Discussing religious identity in an interreligious context

Left to right: Celene Ayat Ibrahim-Lizzio, Busi Suneel Bhanu and Marcie Lenk. Photo: LWF/I. Benesch
Left to right: Celene Ayat Ibrahim-Lizzio, Busi Suneel Bhanu and Marcie Lenk. Photo: LWF/I. Benesch

By Corey Passons

I recently sat down with Celene Ayat Ibrahim-Lizzio (Islamic Studies Scholar-in-Residence at Hebrew College and Andover Newton Theological School), Marcie Lenk (Shalom Hartman Institute Research Fellow and its director of Christian Leadership Programs), and Busi Suneel Bhanu (pastor of the Andhra Evangelical Lutheran Church, adviser to the Council of the Lutheran World Federation and chairperson of the Andhra Pradesh Christian Council) after they had presented their papers on religious identity during the first session of the international symposium on Religious Identity and Renewal: Jewish, Christian, and Muslim Explorations.

The symposium, currently underway at Seattle University, is cosponsored by the Lutheran World Federation and Seattle University's School of Theology and Ministry. We discussed the advantages and realities of conversation about religious identity and renewal in an interreligious context.

Room to Confront Limitations in Different Contexts

Focusing on the common human origin of those present at interreligious conferences, Bhanu – a Lutheran - submits that starting from a place of shared convergence can be a productive point of departure for understanding and a place from which "we learn from each other and share our issues." He discusses identity in terms of there being "different shades" of commonalities between faiths; some that are shared at the level of the religion and praxis and others that are shared in the area of spirituality. He notes that interreligious encounter allows us to learn theses identities and commonalities across faiths.

Bhanu also spoke from his experience that it is common to confront limitations in interreligious contexts and at some point there is a "no," or a defining limit, within each tradition that becomes essential in terms of preserving identity. Bhanu, a professor of Dalit theology, referred to the historical status of Dalits as "untouchables" in the Indian caste system and commented on how as a Dalit Christian and pastor to Dalit Christians, the concept of being made in the image of God "has been embraced” by his people and is a healing theology in a social structure of division and rejection of Dalit persons.

“The Other” Becomes Human

From the Jewish perspective Lenk noted that even the most seasoned interfaith conveners have preconceptions of "the other" and what religious identity, or identities, "the other" might have; given this reality, she says, it takes work to get to the honest "complexities" of what "the other" is actually experiencing versus an unfounded preconception. For instance, she cites how when there is durable trust in a dialogue and honesty about challenges within a faith tradition shared across religious lines there can be a “profound increase in respect and understanding.”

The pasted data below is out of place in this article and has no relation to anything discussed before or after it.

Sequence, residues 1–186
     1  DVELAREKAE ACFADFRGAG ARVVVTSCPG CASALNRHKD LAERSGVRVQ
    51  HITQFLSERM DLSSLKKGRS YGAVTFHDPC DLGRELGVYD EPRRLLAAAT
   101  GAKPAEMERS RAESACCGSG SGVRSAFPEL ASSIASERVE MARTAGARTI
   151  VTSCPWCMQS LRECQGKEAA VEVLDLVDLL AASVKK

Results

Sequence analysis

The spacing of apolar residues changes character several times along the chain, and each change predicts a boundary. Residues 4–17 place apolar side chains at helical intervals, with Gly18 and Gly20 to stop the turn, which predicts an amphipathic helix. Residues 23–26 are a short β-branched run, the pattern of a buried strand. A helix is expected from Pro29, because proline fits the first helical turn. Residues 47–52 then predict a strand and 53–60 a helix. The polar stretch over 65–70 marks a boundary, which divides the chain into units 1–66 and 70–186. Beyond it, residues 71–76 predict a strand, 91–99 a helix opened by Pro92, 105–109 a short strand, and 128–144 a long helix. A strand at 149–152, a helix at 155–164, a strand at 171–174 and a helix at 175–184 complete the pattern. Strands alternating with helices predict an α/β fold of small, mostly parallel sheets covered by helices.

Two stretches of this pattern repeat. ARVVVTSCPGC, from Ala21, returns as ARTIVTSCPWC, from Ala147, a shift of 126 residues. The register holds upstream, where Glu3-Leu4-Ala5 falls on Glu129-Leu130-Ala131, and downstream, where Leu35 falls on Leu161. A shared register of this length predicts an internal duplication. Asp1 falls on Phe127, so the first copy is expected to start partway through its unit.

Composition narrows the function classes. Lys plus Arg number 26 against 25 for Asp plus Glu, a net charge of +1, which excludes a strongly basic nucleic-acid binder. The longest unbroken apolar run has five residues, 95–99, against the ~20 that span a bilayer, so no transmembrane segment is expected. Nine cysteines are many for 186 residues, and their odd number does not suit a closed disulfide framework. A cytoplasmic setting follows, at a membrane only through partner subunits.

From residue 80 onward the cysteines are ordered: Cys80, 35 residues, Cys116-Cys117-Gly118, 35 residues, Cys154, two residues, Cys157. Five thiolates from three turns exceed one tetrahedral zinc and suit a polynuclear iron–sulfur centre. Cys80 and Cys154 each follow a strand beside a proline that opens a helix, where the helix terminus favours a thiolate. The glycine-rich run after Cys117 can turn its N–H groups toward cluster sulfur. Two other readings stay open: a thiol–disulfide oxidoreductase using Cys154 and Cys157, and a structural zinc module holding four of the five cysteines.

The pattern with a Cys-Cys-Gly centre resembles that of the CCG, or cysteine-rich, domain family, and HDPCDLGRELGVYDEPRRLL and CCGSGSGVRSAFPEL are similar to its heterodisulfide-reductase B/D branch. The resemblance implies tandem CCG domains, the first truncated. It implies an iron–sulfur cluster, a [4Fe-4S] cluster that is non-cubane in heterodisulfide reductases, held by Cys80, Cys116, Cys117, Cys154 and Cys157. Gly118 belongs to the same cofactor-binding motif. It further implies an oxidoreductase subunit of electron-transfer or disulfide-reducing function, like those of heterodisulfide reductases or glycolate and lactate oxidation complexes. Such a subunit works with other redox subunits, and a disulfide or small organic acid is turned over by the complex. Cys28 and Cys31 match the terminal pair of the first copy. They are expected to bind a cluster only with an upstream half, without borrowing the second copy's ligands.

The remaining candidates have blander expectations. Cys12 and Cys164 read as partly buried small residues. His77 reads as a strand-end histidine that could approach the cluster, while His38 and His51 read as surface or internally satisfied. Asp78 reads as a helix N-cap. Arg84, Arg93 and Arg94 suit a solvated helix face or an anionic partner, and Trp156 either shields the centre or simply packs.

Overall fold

"The other becomes more human," says Lenk and notes that this ingredient of trust in interreligious dialogue is not only alimentary, but a prerequisite given that religion's most profound missteps and violations are writ large in never-ending cable news cycles and social media. "If we only project ourselves in the very best light no one believes it!” she explains. When these intra-religious challenges and struggles are shared in honesty and trust all parties present "are invited into a deeper conversation." Lenk notes how this "deeper conversation" that is available via interreligious encounter has "made her a better Jew" and "given her tools for her own spiritual practice."

Echos of Other Faiths in Our Tradition

Reflecting on the concept of "indebtedness," Ibrahim-Lizzio cited her own felt need to understand others in interreligious dialogue and encounter and that Muslims are called to know the other as stated within injunctions in the Koran. However, she notes that despite such injunctions, and even her own proclivity to know the other, curiosity is the first step on this path. She "delights in hearing the stories of the New Testament and Hebrew Bible" and when she enters interreligious dialogue she "listens for the echoes in [her] own tradition." Thus through her curiosity and close listening for stories of faith (even from disparate traditions) she hears these "echoes" of convergence in her own tradition and is led back to the notion of indebtedness.  

She also commented on encountering diversity during interreligious dialogue in the particularities of language, for example, discussion of human life in "the image of God" as a hallmark of a Christian-dominant semantic paradigm. She says when encountering this diversity she is challenged to look and see if there might be a sense of radical love and recognition of human dignity within a Judeo-Christian metaphor of being made in "the image of God," even if such a linguistic framework is not native to her tradition. If such qualities are extant in the metaphor for Jews and Christians, "then I need to look and see that."

Corey Passons is a member of the United Church of Christ and a Master of Divinity student in the School of Theology & Ministry at Seattle University; he works as a Graduate Assistant for the Interreligious Initiative Program within the School of Theology & Ministry.

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Disclaimer: The views expressed in this blog are those of the author, and not necessarily representative of Lutheran World Federation policy.